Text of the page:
A Feudal State Is Established

The Zhou rewarded their supporters by granting them control over different regions. Thus, under the Zhou, China developed into a feudal state. Feudalism (FYOOD ul iz um)was a system of government in which local lords governed their own lands but owed military service and other forms of support to the ruler.

Zhou kings ruled China for some 850 years—in name at least. For the first two centuries, they did enjoy great power and prestige. After about 771 B.C., though, feudal lords exercised the real power and profited from the lands worked by peasants within their domains.

Economic Growth

During the Zhou period, China's economy grew. Knowledge of iron working had reached China by about 600 B.C. As iron axes and ox-drawn iron plows replaced stone, wood, and bronze tools, farmers produced more food. Peasants also began to grow new crops, such as soybeans. Some feudal lords organized large-scale irrigation works, making farming even more productive.

Commerce expanded too. The Chinese began to use money for the first time. Chinese copper coins were made with holes in the center so that they could be strung on cords.

Photo of several ancient artifacts, with figures and holes carved into each. Caption reads:

The holes punched at the top of these bronze coins from the Zhou dynasty allowed the coins to be strung on cords, making it easier to carry money securely.

This early form of a cash, or money, economy made trade easier. Merchants also benefited from new roads and canals organized by feudal lords.

Economic expansion led to an increase in China's population. People from the Huang River heartland moved into central China and soon began to farm the immense Chang River basin. Feudal nobles also expanded their territories and encouraged peasants to settle in the conquered territories.

Zhou Rule Ends

By 256 B.C. China was a large, wealthy, and highly developed center of civilization. Yet the Zhou rulers were too weak to control feudal lords who ignored the emperor and battled one another in savage wars. Out of these wars rose a ruthless leader who toppled the Zhou and set out to impose political unity on China. His triumphs ushered in a new dynasty called the Qin (chin) dynasty.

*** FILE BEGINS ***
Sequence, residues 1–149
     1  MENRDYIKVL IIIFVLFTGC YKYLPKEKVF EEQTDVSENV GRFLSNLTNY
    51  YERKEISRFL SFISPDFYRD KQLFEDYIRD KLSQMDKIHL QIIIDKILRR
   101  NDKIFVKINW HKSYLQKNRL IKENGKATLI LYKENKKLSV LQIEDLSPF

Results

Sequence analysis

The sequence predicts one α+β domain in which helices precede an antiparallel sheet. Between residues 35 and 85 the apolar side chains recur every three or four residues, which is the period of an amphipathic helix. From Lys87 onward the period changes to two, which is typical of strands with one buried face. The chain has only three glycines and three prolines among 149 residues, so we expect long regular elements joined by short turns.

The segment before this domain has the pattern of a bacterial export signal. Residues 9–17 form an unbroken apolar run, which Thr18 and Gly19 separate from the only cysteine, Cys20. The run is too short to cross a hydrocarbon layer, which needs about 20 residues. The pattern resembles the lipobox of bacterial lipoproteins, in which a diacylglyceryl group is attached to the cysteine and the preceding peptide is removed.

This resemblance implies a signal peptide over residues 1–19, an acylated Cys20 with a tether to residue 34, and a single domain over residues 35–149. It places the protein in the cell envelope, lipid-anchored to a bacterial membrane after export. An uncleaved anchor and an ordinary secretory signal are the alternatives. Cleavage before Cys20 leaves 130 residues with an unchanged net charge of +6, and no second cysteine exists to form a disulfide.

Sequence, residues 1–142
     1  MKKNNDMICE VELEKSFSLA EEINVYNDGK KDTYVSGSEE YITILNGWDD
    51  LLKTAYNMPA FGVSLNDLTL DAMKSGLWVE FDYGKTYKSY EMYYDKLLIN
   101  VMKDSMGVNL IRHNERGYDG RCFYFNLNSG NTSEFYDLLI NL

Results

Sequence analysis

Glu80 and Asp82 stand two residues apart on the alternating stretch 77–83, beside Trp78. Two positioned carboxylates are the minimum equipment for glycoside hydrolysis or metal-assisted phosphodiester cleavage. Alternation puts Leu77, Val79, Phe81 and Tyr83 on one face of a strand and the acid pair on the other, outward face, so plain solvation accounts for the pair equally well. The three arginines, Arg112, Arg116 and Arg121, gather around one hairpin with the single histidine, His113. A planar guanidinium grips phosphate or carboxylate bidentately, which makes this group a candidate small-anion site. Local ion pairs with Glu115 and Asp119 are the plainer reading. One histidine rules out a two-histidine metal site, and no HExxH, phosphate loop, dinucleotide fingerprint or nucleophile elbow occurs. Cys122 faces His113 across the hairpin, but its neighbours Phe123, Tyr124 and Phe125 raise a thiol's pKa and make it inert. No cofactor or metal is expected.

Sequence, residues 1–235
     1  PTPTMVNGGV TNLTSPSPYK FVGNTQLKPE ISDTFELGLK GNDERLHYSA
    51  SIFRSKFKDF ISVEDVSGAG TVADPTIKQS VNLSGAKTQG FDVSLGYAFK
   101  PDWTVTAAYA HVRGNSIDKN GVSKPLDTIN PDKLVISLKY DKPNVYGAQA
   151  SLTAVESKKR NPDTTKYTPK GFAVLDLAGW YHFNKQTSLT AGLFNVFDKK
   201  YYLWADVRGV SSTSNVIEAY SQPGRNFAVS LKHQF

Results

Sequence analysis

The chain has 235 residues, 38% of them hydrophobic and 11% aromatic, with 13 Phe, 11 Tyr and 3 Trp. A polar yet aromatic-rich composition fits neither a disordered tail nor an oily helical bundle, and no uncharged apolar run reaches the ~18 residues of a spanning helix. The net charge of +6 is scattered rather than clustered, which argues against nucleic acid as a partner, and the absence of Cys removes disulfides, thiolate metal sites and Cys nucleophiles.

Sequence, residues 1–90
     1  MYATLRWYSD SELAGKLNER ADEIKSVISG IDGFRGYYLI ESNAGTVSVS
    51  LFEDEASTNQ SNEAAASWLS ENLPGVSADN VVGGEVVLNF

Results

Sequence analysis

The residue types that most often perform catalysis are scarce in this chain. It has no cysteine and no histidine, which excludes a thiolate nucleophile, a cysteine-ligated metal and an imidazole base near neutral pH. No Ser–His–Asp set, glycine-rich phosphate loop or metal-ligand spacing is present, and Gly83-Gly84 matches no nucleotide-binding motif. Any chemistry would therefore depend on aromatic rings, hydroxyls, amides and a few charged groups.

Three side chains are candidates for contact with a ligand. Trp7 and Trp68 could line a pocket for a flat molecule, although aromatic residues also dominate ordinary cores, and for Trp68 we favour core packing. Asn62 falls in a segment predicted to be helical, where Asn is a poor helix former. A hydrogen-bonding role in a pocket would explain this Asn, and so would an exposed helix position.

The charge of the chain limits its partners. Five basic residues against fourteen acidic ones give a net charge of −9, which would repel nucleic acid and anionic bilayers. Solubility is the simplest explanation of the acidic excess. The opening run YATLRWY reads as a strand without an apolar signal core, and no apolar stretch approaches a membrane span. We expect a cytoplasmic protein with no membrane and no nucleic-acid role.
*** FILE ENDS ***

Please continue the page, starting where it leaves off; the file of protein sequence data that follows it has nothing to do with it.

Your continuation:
Religious Beliefs in Early China

By Shang times, the Chinese had developed complex religious beliefs, many of which would influence later practices. They prayed to many gods and nature spirits. Chief among them was the supreme being, Shang Di (shahng dee). The king was seen as the link between the people and Shang Di.

By making the correct prayers to Shang Di, the king ensured the god's favor, which was essential for good harvests. The Shang king—and later Chinese emperors—were called the Son of Heaven. In this way, Chinese rulers served as both priests and kings.

Veneration of Ancestors

Gods as great as Shang Di, the Chinese believed, would not respond to the pleas of mere mortals. Only the spirits of the greatest people, such as the ancestors of the king, could possibly get the ear of the gods. Thus, the prayers of rulers and nobles to their ancestors were thought to serve the community as a whole, ensuring such benefits as good harvests or victory in war.

The ruler's power came in part from this veneration of ancestors. At first, only the royal family and other nobles had ancestors important enough to influence the gods. Gradually, other classes shared in these rituals.

The Chinese called on the spirits of their ancestors to bring good fortune to the family. To honor their ancestors' spirits, they offered them sacrifices of food and other necessities. When westerners reached China, they mistakenly called this practice “ancestor worship.”

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Table of Contents

World History Topic 1 Origins of Civilization (Prehistory–300 B.C.) Topic 2 The Ancient Middle East and Egypt (3200 B.C.–500 B.C.) Topic 3 Ancient India and China (2600 B.C.–A.D. 550) Topic 4 The Americas (Prehistory–A.D. 1570) Topic 5 Ancient Greece (1750 B.C.–133 B.C.) Topic 6 Ancient Rome and the Origins of Christianity (509 B.C.-A.D. 476) Topic 7 Medieval Christian Europe (330–1450) Topic 8 The Muslim World and Africa (730 B.C.-A.D. 1500) Topic 9 Civilizations of Asia (500–1650) Topic 10 The Renaissance and Reformation (1300–1650) Topic 11 New Global Connections (1415–1796) Topic 12 Absolutism and Revolution Topic 13 The Industrial Revolution Topic 14 Nationalism and the Spread of Democracy (1790–1914) Topic 15 The Age of Imperialism (1800–1914) Topic 16 World War I and the Russian Revolution (1914–1924) Topic 17 The World Between the Wars (1910–1939) Topic 18 World War II (1930–1945) Topic 19 The Cold War Era (1945–1991) Topic 20 New Nations Emerge (1945–Present) Topic 21 The World Today (1980-Present) United States Constitution Primary Sources 21st Century Skills Atlas Glossary Index Acknowledgments